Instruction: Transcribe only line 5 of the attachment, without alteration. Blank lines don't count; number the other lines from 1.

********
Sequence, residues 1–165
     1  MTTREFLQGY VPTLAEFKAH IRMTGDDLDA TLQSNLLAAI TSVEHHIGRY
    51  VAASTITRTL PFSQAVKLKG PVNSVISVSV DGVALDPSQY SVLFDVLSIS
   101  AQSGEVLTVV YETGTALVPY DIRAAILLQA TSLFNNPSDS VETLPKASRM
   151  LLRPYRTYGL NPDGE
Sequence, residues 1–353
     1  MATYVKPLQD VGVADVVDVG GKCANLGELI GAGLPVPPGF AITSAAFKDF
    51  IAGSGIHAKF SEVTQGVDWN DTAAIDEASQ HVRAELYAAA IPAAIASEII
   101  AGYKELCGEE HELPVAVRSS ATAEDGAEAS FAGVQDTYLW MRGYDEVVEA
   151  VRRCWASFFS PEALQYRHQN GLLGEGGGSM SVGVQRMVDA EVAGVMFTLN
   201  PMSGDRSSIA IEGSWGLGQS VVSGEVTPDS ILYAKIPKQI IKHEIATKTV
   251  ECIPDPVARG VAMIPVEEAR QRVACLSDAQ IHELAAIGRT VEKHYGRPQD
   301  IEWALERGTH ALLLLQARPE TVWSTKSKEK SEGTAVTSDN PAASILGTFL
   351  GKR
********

   151  LLRPYRTYGL NPDGE